l.add(td('Two'))
            with l:
                td('Three')
    
    print(h)

    Hello World!

    Lorem ipsum ...

    One Two Three
    ">
    <html>
        <body>
            <div id="content">
                <h1>Hello World!h1>
                <p>Lorem ipsum ...p>
                <table>
                    <tbody>
                        <tr>
                            <td>Onetd>
                            <td>Twotd>
                            <td>Threetd>
                        tr> tbody> table> div> body> html>

    When the context is closed, any nodes that were not already added to something get added to the current context.

    Attributes can be added to the current context with the attr function:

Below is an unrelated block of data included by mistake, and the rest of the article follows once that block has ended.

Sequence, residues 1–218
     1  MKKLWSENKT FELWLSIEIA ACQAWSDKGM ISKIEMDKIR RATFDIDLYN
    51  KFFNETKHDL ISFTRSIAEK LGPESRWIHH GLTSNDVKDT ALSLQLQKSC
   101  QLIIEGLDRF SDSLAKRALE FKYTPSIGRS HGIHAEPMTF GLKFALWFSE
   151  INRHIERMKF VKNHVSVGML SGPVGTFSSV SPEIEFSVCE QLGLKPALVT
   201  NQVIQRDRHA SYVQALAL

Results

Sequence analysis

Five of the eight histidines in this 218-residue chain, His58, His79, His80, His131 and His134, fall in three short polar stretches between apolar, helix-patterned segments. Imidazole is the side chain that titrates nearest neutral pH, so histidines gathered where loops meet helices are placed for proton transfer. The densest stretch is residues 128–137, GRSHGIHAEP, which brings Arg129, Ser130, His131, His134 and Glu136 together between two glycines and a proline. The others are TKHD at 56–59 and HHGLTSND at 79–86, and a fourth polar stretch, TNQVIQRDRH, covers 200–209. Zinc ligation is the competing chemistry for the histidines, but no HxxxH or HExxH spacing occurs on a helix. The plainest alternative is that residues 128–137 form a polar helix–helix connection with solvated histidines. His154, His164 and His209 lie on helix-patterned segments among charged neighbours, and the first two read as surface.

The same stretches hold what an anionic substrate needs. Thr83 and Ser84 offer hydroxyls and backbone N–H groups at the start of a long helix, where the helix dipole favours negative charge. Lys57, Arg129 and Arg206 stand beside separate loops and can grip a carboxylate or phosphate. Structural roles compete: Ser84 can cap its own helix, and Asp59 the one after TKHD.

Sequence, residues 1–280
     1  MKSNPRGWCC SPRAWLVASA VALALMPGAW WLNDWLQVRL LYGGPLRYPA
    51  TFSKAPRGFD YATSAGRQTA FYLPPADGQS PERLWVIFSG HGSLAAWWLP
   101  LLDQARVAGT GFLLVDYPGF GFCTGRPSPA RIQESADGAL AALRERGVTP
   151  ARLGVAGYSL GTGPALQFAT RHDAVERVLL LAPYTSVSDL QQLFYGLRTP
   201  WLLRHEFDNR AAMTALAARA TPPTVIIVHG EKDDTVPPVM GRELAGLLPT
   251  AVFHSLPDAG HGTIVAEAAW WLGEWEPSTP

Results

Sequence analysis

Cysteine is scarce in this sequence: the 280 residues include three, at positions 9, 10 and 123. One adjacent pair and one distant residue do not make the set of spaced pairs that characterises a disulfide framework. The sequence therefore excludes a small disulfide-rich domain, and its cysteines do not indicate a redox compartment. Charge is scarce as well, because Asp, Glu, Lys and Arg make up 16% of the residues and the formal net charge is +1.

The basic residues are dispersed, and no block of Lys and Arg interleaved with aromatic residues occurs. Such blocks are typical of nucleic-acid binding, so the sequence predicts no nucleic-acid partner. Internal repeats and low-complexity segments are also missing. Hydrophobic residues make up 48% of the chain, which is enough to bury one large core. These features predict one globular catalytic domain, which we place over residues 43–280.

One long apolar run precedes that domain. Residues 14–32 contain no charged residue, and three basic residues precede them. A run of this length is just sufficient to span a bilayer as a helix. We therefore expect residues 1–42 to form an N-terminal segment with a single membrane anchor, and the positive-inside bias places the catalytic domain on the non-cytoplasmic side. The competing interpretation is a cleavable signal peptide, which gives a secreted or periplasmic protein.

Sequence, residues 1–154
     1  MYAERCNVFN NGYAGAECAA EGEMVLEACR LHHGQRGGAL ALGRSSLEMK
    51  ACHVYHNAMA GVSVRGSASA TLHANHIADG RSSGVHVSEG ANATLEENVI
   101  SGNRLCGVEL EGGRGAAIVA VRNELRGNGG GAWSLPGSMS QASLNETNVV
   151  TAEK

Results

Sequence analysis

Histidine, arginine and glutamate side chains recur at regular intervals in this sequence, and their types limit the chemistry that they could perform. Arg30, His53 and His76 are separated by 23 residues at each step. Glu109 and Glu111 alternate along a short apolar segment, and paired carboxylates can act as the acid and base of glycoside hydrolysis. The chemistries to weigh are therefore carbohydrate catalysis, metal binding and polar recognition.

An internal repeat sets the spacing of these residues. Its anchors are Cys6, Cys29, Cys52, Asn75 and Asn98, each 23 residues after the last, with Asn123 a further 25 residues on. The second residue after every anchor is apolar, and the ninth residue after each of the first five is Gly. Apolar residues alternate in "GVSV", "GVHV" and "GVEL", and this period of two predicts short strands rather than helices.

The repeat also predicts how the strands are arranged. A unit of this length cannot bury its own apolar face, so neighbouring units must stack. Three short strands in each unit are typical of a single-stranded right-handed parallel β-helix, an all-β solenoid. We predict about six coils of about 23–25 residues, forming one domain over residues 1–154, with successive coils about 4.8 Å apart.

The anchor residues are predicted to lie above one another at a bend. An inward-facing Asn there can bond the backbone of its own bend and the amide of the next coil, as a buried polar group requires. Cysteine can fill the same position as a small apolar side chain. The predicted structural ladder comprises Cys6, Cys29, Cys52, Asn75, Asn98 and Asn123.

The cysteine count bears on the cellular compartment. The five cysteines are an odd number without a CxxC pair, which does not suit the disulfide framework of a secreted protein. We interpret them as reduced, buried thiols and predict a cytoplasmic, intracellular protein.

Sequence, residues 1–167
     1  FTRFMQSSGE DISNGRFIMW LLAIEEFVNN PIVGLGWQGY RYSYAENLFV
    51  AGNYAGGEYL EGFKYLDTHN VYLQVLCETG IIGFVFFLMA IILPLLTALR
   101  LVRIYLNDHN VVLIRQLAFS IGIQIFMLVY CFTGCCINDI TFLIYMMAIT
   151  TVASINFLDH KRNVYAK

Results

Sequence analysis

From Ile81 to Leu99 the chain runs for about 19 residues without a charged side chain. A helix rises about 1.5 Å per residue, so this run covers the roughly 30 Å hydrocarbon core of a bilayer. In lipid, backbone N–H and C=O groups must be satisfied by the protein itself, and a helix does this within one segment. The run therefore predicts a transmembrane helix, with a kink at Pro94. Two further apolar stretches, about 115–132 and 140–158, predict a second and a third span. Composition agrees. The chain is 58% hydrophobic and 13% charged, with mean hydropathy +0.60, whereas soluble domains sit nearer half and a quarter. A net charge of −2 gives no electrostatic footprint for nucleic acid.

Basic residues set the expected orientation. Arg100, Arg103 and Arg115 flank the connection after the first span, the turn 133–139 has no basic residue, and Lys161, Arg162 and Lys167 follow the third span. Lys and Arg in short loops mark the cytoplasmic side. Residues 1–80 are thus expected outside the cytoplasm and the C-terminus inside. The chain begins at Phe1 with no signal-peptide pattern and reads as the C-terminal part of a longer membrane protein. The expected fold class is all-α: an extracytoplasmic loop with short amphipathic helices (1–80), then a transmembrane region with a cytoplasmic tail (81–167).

d = div()
    with d:
        attr(id='header')
    
     print(d)
    ">
    <div id="header">div>

    And text nodes can be added with the dominate.util.text function:

    from dominate.util import text
    para = p(__pretty=False)
    with para:
        text('Have a look at our ')
        a('other products', href='/products')
    
    print(para)
    other products

    ">
    <p>Have a look at our <a href="/products">other productsa>p>

    Decorators

    Dominate is great for creating reusable widgets for parts of your page. Consider this example:

    def greeting(name):
        with div() as d:
            p('Hello, %s' % name)
        return d
    
    print(greeting('Bob'))
    <div>
        <p>Hello, Bobp>
    div>

    You can see the following pattern being repeated here:

    def widget(parameters):
        with tag() as t:
            ...
        return t